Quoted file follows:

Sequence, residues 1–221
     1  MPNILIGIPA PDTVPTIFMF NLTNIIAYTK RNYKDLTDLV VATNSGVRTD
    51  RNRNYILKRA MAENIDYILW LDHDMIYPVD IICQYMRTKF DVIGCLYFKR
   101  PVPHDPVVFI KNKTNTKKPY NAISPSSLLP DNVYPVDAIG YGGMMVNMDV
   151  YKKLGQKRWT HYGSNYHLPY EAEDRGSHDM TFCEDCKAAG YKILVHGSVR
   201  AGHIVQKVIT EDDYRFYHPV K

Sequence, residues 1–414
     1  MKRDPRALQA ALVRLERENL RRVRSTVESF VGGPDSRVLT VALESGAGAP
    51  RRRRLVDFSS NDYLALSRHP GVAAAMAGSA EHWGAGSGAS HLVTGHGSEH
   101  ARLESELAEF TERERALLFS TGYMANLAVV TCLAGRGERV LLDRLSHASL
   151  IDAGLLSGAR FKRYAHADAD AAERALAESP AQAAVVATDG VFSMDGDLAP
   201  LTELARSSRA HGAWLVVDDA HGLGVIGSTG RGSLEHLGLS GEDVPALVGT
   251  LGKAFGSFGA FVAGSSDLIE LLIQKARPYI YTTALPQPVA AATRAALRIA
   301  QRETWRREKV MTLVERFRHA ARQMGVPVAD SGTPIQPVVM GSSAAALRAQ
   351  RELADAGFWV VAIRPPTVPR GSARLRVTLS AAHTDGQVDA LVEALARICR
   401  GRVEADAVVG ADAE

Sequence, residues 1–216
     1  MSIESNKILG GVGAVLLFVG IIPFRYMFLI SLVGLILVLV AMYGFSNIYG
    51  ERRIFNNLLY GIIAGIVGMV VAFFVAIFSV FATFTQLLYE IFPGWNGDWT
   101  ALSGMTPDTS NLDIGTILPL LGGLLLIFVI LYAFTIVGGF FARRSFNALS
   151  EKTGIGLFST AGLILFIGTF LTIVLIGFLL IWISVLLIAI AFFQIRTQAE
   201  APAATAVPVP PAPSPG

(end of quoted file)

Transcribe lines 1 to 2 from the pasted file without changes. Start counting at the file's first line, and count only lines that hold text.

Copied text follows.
Sequence, residues 1–221
     1  MPNILIGIPA PDTVPTIFMF NLTNIIAYTK RNYKDLTDLV VATNSGVRTD